Now, we argued that other cases in California including a — a case in the Supreme Court of California had applied in more recent times what appeared to us and what we urged strongly, was a different rule.

    The question that brought this — the — the nature of the — the jointness of this action before the Court involved the question of contributory negligence in the cases that we cite, Bowler, Bowen, Flores and Perkins, the most recent case being Perkins against Robertson, Robertson out in California in 1956.

    And in those cases, it so happened that one of the heirs was barred by — by reason of contributory negligence.

    And the defendant raised the same issue that well, since the action is joint, if one is barred, all are barred.

    And the courts in those cases, without reference to — to Sears or Haro or the older cases, the reason that the action was joint only in the sense that all should join in the action, all heirs, the — it was a single action, only in that a single action should be right and that the defendant should not be harassed by a series of actions by each heir.

    Only in that sense was the — was the action, a joint action.

    Charles E. Whittaker:

    What would be the situation?

    I’m curious.

    I have not on experience in my background.

    It leads me to ask this question.

    What would be the situation if the legal representative brought the suit within the year on behalf of the heirs and the heirs including both the widow and the child?

    Then, it appeared later that a release had been given by the widow, would that defeat the right of child order of the administrator to continue that action for the benefit of the child —

    Robert A. Dwyer:

    I would say no, Your —

    Charles E. Whittaker:

    — on the law of California?

    Robert A. Dwyer:

    I don’t — I don’t pretend to — to know the answer to that one, as under California law, Your Honor, in my search of this question under the — in the California cases.

    I did not run into that precise question.

    I would — I would reason that if — if the respondent’s case is Haro and Sears would apply that the action would regard as against the infant too.

    On the — on the — again, that the simple logic which apparently the Court used in — in the older cases that if one is barred, all are barred.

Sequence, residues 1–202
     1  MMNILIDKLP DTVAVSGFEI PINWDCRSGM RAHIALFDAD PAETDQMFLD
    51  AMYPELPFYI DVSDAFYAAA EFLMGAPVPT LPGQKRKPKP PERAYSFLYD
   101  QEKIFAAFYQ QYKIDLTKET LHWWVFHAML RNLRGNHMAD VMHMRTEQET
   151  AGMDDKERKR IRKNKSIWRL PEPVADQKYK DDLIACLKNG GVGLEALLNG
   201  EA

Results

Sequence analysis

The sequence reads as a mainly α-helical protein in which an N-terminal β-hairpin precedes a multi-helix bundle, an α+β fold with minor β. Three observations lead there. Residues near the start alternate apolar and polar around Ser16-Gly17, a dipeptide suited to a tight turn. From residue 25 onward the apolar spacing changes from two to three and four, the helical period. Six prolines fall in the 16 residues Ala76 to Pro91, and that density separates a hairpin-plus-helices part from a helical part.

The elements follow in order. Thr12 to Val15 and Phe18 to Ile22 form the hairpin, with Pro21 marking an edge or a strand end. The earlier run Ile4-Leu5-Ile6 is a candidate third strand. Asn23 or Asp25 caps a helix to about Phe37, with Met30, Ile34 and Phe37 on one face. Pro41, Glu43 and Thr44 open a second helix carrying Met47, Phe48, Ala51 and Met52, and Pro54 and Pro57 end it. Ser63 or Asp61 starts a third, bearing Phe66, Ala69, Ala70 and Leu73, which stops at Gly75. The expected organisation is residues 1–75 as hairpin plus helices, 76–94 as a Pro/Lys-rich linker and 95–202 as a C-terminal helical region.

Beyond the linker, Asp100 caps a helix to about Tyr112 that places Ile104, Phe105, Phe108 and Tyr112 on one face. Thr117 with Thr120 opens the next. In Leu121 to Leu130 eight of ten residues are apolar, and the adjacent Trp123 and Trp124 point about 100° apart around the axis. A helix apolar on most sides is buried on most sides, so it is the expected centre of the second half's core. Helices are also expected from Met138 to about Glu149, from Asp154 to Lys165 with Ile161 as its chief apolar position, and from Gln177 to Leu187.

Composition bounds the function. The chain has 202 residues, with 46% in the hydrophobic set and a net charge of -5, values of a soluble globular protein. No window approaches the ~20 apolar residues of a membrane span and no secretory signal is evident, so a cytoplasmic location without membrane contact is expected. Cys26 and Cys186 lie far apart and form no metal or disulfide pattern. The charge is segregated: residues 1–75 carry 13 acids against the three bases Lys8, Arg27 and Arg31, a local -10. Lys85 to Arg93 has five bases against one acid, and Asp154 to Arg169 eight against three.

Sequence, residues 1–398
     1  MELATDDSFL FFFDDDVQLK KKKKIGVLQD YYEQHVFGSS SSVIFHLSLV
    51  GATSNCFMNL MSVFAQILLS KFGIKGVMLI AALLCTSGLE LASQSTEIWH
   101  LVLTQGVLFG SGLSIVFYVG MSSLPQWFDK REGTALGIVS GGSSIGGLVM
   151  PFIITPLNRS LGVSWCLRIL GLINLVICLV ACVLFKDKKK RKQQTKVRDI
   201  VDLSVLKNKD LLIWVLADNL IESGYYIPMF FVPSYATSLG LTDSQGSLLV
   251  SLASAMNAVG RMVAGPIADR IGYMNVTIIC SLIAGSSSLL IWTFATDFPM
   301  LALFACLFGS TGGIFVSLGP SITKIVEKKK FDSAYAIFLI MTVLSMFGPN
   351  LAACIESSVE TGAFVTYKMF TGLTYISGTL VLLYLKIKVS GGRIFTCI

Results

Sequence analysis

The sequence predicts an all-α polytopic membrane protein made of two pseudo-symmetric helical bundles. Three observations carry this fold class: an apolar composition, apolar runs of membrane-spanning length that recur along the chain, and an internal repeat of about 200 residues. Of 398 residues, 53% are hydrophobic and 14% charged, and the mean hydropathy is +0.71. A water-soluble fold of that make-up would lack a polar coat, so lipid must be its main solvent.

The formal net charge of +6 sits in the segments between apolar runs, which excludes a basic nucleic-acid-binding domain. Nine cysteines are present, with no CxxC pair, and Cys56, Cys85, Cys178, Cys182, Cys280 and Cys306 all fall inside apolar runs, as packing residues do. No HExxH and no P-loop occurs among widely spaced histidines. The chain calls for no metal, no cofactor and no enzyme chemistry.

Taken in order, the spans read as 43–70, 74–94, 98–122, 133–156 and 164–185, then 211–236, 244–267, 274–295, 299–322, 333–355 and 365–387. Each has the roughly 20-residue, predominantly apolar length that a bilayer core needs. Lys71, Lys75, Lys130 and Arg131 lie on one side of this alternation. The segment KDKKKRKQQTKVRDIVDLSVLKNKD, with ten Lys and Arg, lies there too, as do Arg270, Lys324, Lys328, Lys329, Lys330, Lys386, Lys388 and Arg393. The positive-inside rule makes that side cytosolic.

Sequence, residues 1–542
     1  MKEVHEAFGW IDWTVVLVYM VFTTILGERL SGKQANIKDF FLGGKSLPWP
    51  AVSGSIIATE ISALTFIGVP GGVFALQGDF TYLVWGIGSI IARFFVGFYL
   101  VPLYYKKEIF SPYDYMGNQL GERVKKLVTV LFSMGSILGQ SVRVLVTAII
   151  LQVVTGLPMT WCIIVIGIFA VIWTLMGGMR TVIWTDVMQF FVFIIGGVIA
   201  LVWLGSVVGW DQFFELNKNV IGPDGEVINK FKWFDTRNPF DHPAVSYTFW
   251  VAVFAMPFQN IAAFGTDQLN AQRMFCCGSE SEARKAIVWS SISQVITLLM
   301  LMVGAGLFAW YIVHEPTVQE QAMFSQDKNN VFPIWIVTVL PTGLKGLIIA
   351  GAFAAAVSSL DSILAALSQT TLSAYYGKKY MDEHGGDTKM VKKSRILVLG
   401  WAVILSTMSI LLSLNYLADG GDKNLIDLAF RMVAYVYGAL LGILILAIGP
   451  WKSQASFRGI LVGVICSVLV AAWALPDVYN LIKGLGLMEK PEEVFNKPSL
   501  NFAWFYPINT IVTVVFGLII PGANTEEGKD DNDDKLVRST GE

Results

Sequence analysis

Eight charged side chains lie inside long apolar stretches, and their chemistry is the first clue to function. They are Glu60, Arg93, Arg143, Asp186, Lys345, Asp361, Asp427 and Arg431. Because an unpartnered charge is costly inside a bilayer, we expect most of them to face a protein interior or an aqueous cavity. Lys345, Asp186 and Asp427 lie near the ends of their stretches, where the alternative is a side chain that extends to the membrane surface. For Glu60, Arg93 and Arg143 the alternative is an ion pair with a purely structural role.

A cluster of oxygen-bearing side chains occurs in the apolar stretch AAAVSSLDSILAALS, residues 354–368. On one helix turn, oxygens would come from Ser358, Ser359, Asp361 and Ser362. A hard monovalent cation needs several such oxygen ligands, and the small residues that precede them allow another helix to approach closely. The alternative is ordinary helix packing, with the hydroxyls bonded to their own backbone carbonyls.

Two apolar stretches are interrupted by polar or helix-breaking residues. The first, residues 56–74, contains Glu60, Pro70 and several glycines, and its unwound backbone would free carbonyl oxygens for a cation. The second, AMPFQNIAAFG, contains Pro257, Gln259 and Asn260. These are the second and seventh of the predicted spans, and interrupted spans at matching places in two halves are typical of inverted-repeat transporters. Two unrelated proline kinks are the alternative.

Charles E. Whittaker:

    Well, the only difference between my hypothesis and yours is that yours — the one you’re using is that contributory negligence barred to recovery of one.

    And in my hypothesis, it’s a release that does so.

    Robert A. Dwyer:

    I would say, Your Honor that under the — under the reasoning of the cases that we urge is controlling, the infant would not be barred.

    That only — that only the mother would be barred.

    Since the — the purpose of the joint requirement is — is to prevent a multiplicity of suits, a harassment of the defendant.

    We also urged in the court below that in effect, the dismissal of these actions has resulted in an abridgement of the petitioner’s right — the privileges and immunities right under the Federal Constitution Article 4, Section 2.

    The — this Court had occasion to consider a case of a borrowing statute very similar to north — to New York’s in 1920, the Canadian Northern against Eggen.

    It did not involve an infant, at least as far as appears from the record in that case and certainly no issue was made of it.

    It so happened in that case that under the borrowing statute, the plaintiff in that case still had a year to come into the forum court.

    And this Court held in — in effect that — that Article 4 merely requires the State to — to offer reasonable access as far as access to courts are concerned.

    And they — there — that this Court there held that one year to come into the Court, was reasonable access.

    Robert A. Dwyer:

    Our contention here is that these — the petitioners, the widow and the child, did not have that reasonable access.

    The courts below held that our petitioner, the widow, was barred which she reached the age 19 and as I say, by reasoning that the child was also barred because it was a joint action that I think the infant child was under seven, six, five, somewhere in that neighborhood at that time.

    And we contend that, that was not reasonable access, that access to a court should be under conditions offering the party reasonable opportunity to — to present his case and — and protect itself, that the basic purpose of — well of tolling statutes of — and of the special protection that the courts do offer infants, they are all based on the basic idea that — that infants are not capable of protecting themselves and looking out after their injuries.

    The respondent has — has answered that by saying that, well, in New York, these petitioners could have come in at that time through a guardian ad litem.